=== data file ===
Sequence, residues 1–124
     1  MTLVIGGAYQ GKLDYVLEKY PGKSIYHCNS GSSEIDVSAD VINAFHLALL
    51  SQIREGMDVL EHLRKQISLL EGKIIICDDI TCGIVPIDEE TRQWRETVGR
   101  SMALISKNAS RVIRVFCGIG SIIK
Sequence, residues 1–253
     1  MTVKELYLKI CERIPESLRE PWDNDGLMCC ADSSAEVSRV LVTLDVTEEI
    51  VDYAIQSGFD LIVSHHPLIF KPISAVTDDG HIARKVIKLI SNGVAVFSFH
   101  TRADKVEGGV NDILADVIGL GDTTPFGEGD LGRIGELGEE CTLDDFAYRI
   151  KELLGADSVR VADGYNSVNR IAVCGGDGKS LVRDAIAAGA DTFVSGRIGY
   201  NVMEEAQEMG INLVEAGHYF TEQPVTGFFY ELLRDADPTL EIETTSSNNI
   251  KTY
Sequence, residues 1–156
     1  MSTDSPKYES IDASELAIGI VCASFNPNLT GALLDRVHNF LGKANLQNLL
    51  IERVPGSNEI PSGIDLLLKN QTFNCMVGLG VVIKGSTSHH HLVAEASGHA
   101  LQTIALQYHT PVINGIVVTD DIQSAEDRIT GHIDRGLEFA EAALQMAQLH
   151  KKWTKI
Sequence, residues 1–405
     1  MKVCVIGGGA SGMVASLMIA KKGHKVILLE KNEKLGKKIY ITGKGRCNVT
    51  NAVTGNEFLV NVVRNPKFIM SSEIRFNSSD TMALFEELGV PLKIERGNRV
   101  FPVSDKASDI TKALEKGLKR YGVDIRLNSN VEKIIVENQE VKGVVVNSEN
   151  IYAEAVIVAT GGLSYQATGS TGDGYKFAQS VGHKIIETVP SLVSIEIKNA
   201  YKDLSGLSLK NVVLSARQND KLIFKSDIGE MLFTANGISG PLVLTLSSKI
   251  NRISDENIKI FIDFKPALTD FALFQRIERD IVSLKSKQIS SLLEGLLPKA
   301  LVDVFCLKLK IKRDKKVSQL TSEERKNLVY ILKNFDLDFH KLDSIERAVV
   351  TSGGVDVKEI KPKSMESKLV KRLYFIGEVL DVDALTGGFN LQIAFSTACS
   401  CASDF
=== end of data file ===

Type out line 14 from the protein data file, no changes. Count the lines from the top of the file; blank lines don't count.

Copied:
    51  IERVPGSNEI PSGIDLLLKN QTFNCMVGLG VVIKGSTSHH HLVAEASGHA